form your line with two divisions only, holding the third in reserve. Let your men get their meals; supply themselves well with water. Throw back a line of skirmishers on your left flank for some distance down the creek; reconnoiter carefully, and ascertain if there are good fords. The line of Stone's River down to the Jefferson Bridge must be observed well with cavalry; the ford at Sulphur Spring occupied by a regiment of infantry, and, if easy of access, with two pieces of artillery, they to come from reserve division. Try and place your lines so that the enemy cannot slip out on the other side of Stone's River, and enfilade them. Post a strong line of sharpshooters on the bank of the river, supported by a brigade, probably, along the line of the railroad. General Negley has been ordered to take post on your right. General McCook has been ordered to close in on the Wilkinson pike. Thomas has been ordered to send a brigade of Rousseau's division to Jefferson, to reconnoiter as far as Dr. Black's shop.
I am, general, very respectfully, your obedient servant,
J. P. GARESCHE,
Assistant Adjutant-General and Chief of Staff.
HEADQUARTERS FOURTEENTH ARMY CORPS,
DEPARTMENT OF THE CUMBERLAND,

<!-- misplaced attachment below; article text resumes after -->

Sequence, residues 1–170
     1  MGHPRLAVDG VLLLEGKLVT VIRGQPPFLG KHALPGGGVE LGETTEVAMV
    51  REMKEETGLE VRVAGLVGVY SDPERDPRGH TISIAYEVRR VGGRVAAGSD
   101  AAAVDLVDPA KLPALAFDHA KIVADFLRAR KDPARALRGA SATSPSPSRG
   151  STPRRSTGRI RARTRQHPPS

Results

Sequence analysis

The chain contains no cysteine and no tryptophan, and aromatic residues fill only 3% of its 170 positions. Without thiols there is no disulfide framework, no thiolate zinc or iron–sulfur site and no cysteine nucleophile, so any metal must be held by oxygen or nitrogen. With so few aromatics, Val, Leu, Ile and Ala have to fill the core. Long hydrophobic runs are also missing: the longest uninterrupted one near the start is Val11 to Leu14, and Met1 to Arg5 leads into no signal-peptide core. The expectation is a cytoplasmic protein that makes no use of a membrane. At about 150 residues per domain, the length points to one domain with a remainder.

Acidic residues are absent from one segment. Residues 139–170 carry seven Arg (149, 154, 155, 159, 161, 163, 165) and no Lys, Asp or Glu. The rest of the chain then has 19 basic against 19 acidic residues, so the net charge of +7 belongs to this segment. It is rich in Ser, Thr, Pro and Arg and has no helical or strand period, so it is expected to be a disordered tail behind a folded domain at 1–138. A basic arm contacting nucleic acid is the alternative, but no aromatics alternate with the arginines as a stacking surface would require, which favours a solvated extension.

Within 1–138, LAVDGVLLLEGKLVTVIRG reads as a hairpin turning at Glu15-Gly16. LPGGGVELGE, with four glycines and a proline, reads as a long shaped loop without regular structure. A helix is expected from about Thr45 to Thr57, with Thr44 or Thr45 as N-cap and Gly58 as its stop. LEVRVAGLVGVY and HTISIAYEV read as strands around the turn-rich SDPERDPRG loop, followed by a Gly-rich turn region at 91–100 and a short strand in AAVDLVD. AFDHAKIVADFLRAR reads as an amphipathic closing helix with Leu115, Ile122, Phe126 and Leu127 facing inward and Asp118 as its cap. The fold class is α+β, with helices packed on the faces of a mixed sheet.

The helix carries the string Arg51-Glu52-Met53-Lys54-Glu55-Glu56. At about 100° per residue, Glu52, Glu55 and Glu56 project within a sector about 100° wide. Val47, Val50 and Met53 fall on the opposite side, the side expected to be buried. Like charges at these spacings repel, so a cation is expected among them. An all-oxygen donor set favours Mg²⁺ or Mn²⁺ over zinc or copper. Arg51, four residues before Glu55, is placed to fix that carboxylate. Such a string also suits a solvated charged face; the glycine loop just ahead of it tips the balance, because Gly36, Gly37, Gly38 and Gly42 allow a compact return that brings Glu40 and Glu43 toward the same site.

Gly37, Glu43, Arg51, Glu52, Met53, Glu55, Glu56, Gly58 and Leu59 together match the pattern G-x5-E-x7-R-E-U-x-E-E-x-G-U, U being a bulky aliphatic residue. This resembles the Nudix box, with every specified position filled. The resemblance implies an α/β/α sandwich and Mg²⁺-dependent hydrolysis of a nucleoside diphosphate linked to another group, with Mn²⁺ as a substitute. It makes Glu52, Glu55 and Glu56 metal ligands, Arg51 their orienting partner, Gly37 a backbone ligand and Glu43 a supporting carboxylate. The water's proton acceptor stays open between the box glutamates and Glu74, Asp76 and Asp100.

December 29, 1862.
Commanding Left Wing:
Occupy Murfreesborough, if you can, with one division. Encamp main body of troops on this side, as before directed.
Chief of Staff.
HEADQUARTERS LEFT WING, December 29, 1862-5.25 p.m.
Chief of Staff:
COLONEL: Your dispatch is just received, in which you say occupy Murfreesborough to-night with one division, &c., as before directed. No such order has been received before. The order was given as you directed, the troops were advancing, but just at this point General Palmer and General Wood have ridden up and protest against it as very hazardous to move troops in the night, unacquainted with the ground, against troops in position. A good citizen, who is just now here, says if we were not opposed by the enemy, the crossing of Stone's River is so difficult we should have trouble in crossing. Under these circumstances, believing, if you were here, you would not order and advance, and as it will not get any darker, and I can communicate with you in an hour, I have concluded to suspend your order until I can again hear from you. If ordered to move, I will instantly execute it, but consider it impossible to take the artillery, and suggest that it should be left.
Most respectfully, your obedient servant,
T. L. CRITTENDEN,